The Michelson-Morley Experiment

The prevalent belief in the nineteenth century was that light is a wave, carried by a subtle medium, the aether, which is at rest in the universe. The sun is at rest, in the center of the universe, and the earth moves through the aether and around the sun at about 30 km/sec.

The Michelson-Morley (M&M) experiment was designed to verify this belief. If light is sent back and forth on earth, in the direction of the earth’s movement, then the round trip should take longer than it would if there were no aether. It should also take a little longer, but not as much as in the parallel direction, for light moving back and forth in the direction perpendicular to the earth’s movement. The M&M experiment used two identical rods perpendicular to each other along which the light moved back and forth.

This experiment, first performed in 1881, repeated in 1887, and often thereafter, could find no indication of a difference. But the belief could not be shaken, and Hendrik Lorentz, in 1895 and again in 1904, thought the explanation could possibly be that the rod placed in the direction of the earth’s movement might contract due to the earth’s movement, just enough to make the round trip time equal to the case when there is no movement. The equation he developed is known as the Lorentz transformation (LT).

To understand the challenge, and the significance, of the Michelson-Morley (M&M) experiment, and explain the mathematical error, we can look at an analogous situation. We know that the velocity of a plane is measured with respect to the air stream through which it moves. If we fly from, say, San Francisco to New York and back and the air is still, it will take six hours each way, a total of 12 hours, at 500 miles per hour. If the air is moving at 100 miles an hour, from west to east, and the plane flies at 500 miles per hour, with respect to the air stream, the distance of about 3000 miles is covered in five hours (at 500+100 miles per hour) and the return trip takes 7.5 hours (at 500-100 miles per hour). So the total time is not 12 hours but 12.5 hours! The gain and loss, due to the movement of the air, don’t quite balance out. Analogously, that would be the situation if the velocity of light is measured with respect to the aether, and the earth moves through the aether.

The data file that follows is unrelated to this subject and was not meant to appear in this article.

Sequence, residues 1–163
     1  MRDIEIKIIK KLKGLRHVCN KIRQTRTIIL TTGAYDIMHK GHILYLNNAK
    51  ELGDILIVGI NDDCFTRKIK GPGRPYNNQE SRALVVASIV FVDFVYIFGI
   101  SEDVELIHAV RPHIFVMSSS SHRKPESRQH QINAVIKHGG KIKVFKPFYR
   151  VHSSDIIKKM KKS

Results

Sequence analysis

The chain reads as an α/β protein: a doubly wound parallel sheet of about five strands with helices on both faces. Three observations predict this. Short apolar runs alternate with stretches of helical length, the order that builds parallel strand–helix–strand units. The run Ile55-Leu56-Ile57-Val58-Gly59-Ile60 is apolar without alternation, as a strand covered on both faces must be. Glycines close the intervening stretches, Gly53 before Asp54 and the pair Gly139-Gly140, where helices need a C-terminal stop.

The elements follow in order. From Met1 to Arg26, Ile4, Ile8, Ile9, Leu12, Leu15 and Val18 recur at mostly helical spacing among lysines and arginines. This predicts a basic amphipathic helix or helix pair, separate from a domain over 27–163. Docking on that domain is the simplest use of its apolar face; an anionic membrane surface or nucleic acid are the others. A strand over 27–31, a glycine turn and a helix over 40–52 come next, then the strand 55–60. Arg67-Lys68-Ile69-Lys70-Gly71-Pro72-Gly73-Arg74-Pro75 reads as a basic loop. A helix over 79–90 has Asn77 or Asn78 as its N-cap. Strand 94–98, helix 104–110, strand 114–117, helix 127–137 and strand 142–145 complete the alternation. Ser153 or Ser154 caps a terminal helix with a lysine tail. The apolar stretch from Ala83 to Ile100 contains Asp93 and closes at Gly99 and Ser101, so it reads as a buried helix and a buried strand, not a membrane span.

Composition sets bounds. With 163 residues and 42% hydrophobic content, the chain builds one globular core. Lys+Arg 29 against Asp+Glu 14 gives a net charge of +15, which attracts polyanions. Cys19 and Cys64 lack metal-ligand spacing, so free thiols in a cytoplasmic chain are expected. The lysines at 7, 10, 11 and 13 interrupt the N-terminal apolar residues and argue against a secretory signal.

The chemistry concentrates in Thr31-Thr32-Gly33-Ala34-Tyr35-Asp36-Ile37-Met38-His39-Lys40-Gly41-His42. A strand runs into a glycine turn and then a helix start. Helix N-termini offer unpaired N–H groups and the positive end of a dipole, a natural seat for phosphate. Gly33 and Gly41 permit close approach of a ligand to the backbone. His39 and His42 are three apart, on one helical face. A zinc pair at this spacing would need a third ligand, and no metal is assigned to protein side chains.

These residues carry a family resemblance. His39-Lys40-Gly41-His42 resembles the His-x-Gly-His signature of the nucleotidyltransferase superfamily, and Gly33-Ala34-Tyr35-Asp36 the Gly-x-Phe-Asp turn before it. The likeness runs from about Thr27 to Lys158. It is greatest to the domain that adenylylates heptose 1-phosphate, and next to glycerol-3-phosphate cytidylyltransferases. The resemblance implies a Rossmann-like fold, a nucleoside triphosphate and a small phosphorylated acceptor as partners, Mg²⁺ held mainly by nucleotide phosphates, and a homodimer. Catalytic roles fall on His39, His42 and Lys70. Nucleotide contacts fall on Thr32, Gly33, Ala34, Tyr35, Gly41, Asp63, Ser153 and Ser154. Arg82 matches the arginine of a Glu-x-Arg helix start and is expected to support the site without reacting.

It is easy to show that if the round trip distance is reduced by 240 miles, or the distance between SF and NY by 120 miles, that is, by one-half this amount, it takes 4.7 hours going, 7.3 hours returning, and the total time will be 12 hours – the same as it would be if there were no jet stream. We cannot reduce the distance between NY and SF by the square root of 240 or about 16 miles, since that would not be enough to bring the time back to 12 hours.

But there is a subtle point that must be noted. If we want to deal with a single direct path, that is in some sense the ‘average’ of coming and going, we could, mathematically, take the square root of the total path reduction that is needed. This produces the Lorentz factor (often called the ‘gamma’ factor), that appears in the denominator in many important equations in particle physics as well as in astronomy. It applies only to a fictitious one-way path that has no basis in reality.

The problem with this step lies in the relationship between mathematics and physics:

Taking a square root, a geometric mean, is appropriate, ONLY if a second factor follows and acts on a first factor, that is to say, if the factors multiply. For example in the case of the Doppler factor, a stretch of a time interval on one leg of a journey is followed by a second stretch on the return path – the Doppler factors (not the Doppler shifts) multiply (see the chapter on Doppler). Similarly if I stretch a rubber band by a factor 2, and then do a second stretch, by a factor 8, the total is 2×8 = 16 (and not 2 + 8 = 10). The ‘average’, in the sense of a geometric mean, is then the square root of 16 or 4 (since 4×4=16). In the case of addition we would not take the square root of 10 to get the average of 2 + 8.

But that, in essence, is what Lorentz did! Apparently he did not realize that time of travel, unlike the Doppler factor, did not involve stretching or shrinking. The shorter time on one leg of a journey is not further modified on the return leg. We simply get a longer time of transit, and the two times add – they do not multiply. There is no average airflow and no average time that makes sense.

Simply put, the mathematics of the Lorentz transformation, the last step of taking the squareroot as pertaining to the time for one leg of the journey, is pure fantasy, with no connection to reality – it ignores the physics of two way travel. There can be no physical significance to the square root, or to any concepts or quantities containing this factor.

Einstein maintained that he developed the Lorentz transformation independently. He does not cite Lorentz in his 1905 paper. It is most curious, therefore, that he made the same mathematical mistake of taking the square root at the same point in the development of the transform as his predecessor.

The defect in the LT does not show up because in all down-to-earth experiments we are dealing with velocities one hundred thousand to one million times smaller than the velocity of light. The defect becomes readily apparent only when the velocity is about one tenth the velocity of light, or greater. This happens in cosmology and in particle physics and requires a rethinking of much of 20th century physical theory. In cosmology, we encounter large red shifts, especially with type 1A supernovae. Using a revised formula for the Doppler factor, we are led to a radically different view of the origin and destiny of the universe.